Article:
With CMO corporate tenures again declining, we wanted to squarely recognize the most significant digital marketing challenges you’re likely to face in 2022 and ideas on how to address them.
COVID, at least the version and associated environment we all faced in 2020, is coming to an end. States are vowing to remain open. Consumers are spending more than ever before, and businesses are ready to hit the ground running in 2022.
Against this backdrop, there are two elephants in the room that CEOs and CMOs need to acknowledge and address. Those two issues are price increases and staff shortages.
At Tempesta Media, we expect a bunch of different price increases. One is the cost of vendors and marketing programs. The other is accelerating costs of hiring and retaining staff. With the CPI already at 7.0%, we are bracing for double-digit increases in these areas.
Despite your 2022 plans being locked in, your company needs to acknowledge that inflation is no longer transitory. If you don’t do this now, you’re going to be caught in an untenable situation later this summer: being forced to improve your marketing program’s performance while effectively facing budget cuts because of the harmful effects of inflation. In short, it’s a no-win situation for CMOs and ultimately impacts the viability of your overall company’s plans.
To get you ready to deal with reality, we’ve come up with four actionable steps that you can take now to insulate yourself and your company.
Automation and outsourcing
Your entire c-suite, including your CEO, needs to embrace automation and outsourcing now. This is not some pie-in-the-sky aspiration. This is an immediate action item.
Automation is getting implemented across all business sectors and industries. Since technology is advancing so rapidly, areas of your business that could not produce sufficient ROI may now be viable. So, CMOS, go back and reassess your marketing team’s responsibilities.
At Tempesta Media, we underwent this exercise across marketing and the company. As a result, we uncovered many areas that were ripe for automation. As a result, since Q3 ’21, we’ve allocated dedicated engineering staff to do nothing but implement automation. Fast-forward to January ’21, and we already see results.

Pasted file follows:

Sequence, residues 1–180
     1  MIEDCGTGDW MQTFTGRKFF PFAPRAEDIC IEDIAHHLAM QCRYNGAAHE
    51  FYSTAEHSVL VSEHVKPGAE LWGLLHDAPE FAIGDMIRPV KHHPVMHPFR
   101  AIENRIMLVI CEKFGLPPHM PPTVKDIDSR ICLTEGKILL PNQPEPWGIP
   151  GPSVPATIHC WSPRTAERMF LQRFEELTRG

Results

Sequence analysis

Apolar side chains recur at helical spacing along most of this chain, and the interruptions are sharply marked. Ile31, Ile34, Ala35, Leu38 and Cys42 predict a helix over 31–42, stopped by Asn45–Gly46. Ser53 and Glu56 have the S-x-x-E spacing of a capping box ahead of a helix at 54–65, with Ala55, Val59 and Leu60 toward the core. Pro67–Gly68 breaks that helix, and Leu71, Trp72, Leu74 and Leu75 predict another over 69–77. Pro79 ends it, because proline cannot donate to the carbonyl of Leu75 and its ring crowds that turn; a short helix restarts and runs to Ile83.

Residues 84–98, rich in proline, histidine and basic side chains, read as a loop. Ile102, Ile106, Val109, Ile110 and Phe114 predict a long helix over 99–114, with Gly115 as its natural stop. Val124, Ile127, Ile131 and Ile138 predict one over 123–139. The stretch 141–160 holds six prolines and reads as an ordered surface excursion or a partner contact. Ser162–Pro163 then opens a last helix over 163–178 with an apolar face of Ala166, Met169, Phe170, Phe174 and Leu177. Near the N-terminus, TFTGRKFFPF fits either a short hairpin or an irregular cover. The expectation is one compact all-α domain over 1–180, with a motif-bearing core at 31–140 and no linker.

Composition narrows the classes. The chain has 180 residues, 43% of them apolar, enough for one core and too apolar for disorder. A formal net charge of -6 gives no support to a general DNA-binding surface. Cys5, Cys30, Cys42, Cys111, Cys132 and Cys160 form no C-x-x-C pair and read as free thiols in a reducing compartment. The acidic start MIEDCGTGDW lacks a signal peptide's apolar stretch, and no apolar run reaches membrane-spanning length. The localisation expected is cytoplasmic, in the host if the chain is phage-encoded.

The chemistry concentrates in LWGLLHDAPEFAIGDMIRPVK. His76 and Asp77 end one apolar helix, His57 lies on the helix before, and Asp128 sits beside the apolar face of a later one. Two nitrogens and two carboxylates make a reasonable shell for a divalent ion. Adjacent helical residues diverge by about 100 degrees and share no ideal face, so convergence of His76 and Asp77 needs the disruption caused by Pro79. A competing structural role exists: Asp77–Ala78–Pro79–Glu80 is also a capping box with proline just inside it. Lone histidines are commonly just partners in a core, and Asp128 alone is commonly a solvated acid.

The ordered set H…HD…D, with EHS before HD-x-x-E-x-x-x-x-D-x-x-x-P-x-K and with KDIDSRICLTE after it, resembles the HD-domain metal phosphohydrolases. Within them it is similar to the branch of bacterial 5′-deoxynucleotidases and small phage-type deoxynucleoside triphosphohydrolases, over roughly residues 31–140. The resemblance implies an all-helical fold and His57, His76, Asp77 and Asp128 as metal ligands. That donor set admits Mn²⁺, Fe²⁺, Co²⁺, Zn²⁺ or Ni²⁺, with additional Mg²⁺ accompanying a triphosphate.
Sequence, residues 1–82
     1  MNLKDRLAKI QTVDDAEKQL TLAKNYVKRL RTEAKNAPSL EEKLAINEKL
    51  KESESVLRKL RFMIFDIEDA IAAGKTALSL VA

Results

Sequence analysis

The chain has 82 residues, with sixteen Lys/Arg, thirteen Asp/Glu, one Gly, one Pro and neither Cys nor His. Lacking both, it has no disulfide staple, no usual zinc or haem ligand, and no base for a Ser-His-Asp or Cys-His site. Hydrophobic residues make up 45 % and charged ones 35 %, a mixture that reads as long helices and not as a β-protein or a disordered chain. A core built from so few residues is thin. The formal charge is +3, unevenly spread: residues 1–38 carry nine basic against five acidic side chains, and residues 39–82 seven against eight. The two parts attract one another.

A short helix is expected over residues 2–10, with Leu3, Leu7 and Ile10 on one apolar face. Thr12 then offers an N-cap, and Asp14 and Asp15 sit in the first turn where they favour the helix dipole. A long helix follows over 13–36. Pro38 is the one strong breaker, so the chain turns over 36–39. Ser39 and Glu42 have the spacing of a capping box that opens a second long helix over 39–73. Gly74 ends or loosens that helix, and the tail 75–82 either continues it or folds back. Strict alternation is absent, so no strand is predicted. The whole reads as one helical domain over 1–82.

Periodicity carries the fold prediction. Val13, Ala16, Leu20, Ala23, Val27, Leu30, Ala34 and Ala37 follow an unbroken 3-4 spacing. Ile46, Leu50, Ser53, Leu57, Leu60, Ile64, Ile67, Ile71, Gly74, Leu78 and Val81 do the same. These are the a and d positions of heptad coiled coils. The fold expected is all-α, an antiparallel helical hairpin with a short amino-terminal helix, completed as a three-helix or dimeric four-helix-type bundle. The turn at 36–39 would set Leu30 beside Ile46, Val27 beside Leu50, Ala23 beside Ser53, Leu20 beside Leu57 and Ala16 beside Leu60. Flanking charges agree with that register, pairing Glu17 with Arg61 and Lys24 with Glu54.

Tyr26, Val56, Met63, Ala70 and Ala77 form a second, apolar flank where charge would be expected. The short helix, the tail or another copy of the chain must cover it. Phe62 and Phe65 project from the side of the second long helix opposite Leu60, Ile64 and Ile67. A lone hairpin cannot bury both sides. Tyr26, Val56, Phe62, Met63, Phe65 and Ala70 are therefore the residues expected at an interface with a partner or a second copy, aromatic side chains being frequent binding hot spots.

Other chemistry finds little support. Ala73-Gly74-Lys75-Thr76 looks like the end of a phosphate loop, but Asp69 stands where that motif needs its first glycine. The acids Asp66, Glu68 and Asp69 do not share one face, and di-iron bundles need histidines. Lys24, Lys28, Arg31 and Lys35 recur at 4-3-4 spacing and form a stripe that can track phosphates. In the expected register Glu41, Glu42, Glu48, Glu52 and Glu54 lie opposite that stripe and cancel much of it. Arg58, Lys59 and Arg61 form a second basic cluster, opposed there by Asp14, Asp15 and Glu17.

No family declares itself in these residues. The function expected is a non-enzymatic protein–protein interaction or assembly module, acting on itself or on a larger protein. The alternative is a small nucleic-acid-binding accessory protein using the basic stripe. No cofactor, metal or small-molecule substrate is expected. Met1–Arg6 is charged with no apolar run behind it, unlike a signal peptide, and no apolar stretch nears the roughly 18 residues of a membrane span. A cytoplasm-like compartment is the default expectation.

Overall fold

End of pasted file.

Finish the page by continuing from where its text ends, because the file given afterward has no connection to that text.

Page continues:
Here are a couple of specific steps that CMOs take to streamline their operations:
- Stop manual lead tracking. There is no reason why marketing departments should manually measure, route, and track leads. Use Zapier to get your different marketing campaigns to talk to each other.
- Use smart forms. Intelligent forms can handle multiple inquiries from one “contact us” form. There’s no need to send prospects to all kinds of different formats. Use one and make it bright.
- Use a social media management solution. Digital marketing platforms, like ours, intelligently connect your social media networks. Now, you can create, schedule, and track your social media posts from one dashboard. Bonus points if your solution is integrated with your content and influencer marketing programs.
- Integrate all your marketing data. This is more than implementing Google Analytics. Nearly all marketing programs and tools have open APIs. Stop maintaining your marketing data in different silos. The more silos you have, the more your staff’s time is eaten up generating reports. Even consolidating one or two data silos will take a lot of burden off of your team.
Outsourcing is your next low-hanging cost-cutting fruit. Unfortunately, the 2022 digital marketing landscape is nowhere near the same as in 2002. There is simply no way that one person or even a small team can be deep experts across every part of the digital marketing ecosystem. It’s just too complex and requires significant subject matter expertise (SME).